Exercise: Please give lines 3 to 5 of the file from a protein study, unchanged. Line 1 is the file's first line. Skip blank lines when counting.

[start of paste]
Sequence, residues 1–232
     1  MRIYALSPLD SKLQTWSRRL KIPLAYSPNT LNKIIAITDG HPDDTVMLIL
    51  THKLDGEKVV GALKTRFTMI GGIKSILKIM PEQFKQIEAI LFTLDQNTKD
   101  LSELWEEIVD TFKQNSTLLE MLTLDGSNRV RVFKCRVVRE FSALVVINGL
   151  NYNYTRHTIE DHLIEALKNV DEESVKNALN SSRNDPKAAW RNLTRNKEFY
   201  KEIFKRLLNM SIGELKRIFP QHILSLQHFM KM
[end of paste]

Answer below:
    51  THKLDGEKVV GALKTRFTMI GGIKSILKIM PEQFKQIEAI LFTLDQNTKD
   101  LSELWEEIVD TFKQNSTLLE MLTLDGSNRV RVFKCRVVRE FSALVVINGL
   151  NYNYTRHTIE DHLIEALKNV DEESVKNALN SSRNDPKAAW RNLTRNKEFY